(Photo Courtesy of Georgetown Athletics)
On the opening play of Hoyas’ NCAA Quarterfinal contests against eventual national champion Virginia, faceoff man James Reilly drew a flag when pushed in the back by Virginia LSM Jared Conners. Reilly would take only one more faceoff before subsequently leaving the game with a lower-body injury. The Hoyas were unable to capitalize on the ensuing possession following the push on Reilly, where they eventually went two men up following another Cavalier penalty.
That opening possession ended with Virginia goalie Alex Rode stoping a Nicky Petkevich shot from the left wing, and would set the tone for what kind of game would following for the Hoyas as they fell 14-3. However, the sour ending was in no way indicative of what kind of season it was for the Hoyas, how far they’ve climbed in a few years, or where they are headed.
Georgetown churned out their best season ever under Kevin Warne in 2021. The Hoyas went 13-3 (9-1 Big East), won the conference tournament and made the NCAA Tournament for the third consecutive full season, and advanced to the NCAA Quarterfinals for the first time since 2007.
Kevin Warne has indeed revitalized Georgetown lacrosse, bringing the Hoyas back from the basement of the Big East to regular contenders both within their conference and on the national level. The only thing Warne hasn’t done that his predecessor, Dave Urick, who led the Hobart dynasty in the ’80s prime before building up Georgetown, accomplished is a Championship Weekend berth.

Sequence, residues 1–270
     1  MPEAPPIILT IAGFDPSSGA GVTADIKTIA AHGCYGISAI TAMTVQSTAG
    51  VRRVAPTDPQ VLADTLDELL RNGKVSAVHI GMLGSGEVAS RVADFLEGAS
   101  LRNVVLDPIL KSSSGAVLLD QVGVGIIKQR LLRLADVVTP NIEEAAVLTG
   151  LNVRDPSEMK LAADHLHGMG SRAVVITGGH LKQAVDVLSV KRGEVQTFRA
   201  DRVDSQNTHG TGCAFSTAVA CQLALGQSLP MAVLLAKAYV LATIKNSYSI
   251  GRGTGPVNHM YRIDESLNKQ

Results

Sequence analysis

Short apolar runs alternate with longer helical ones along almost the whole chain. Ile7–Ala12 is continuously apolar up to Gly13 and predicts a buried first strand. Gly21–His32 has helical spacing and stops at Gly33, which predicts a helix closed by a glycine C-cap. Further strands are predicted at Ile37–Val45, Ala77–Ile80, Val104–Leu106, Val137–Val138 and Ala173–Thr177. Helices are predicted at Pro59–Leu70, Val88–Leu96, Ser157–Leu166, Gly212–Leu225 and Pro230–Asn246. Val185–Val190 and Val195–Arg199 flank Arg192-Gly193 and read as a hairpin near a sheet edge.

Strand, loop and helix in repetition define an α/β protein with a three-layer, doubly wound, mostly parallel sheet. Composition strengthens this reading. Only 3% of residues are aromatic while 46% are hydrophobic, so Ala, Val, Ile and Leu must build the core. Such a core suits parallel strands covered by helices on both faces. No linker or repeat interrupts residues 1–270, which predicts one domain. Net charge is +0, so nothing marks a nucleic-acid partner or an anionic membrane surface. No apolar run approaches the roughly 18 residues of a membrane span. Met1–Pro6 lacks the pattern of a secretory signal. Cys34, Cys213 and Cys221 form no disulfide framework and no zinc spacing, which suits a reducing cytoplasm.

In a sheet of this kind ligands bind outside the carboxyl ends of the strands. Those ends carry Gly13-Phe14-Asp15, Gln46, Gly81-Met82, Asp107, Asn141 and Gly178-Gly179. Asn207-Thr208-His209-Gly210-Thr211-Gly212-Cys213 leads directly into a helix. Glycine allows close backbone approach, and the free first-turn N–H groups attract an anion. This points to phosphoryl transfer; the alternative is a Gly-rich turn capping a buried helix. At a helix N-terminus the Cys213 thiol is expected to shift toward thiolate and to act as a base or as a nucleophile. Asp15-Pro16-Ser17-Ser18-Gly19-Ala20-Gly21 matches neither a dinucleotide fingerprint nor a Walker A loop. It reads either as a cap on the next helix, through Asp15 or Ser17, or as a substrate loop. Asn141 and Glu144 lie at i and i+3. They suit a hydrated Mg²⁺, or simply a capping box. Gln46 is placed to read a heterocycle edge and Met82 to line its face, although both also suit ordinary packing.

Heading into the 2022 season, Georgetown will not only be looking to four-peat as Big East Champions but also take that next step as a program and earn the right to play on Memorial Day weekend.
Georgetown continued their recent trend of trotting out top-tier defenses, ranking first in DI in scoring defense (8.31 goals allowed per game) and first in man-down defense as they came up successful in .829% such situations last season. And it doesn’t appear that this Hoyas’ unit will take a step back at all this spring.
The Hoyas will house two of the best defensemen in the nation with Gibson Smith returning for a fifth season and Will Bowen transferring in from North Carolina. Smith is coming off a 2021 campaign in which he missed all but one game during the first two months of the season due to injury. Assuming he stays healthy for a full season, the four-year starter is expected to continue playing at the level he has since he first stepped foot on campus. Bowen comes to the nation’s capital following two strong seasons with the Tar Heels, including a 2021 campaign that ended with an NCAA semifinal loss against Virginia.
Smith and Bowen join forces to create one of the best defensive duos we’ve seen in college lacrosse in recent memory. This two-headed monster will keep opposing defensive coordinators up at night.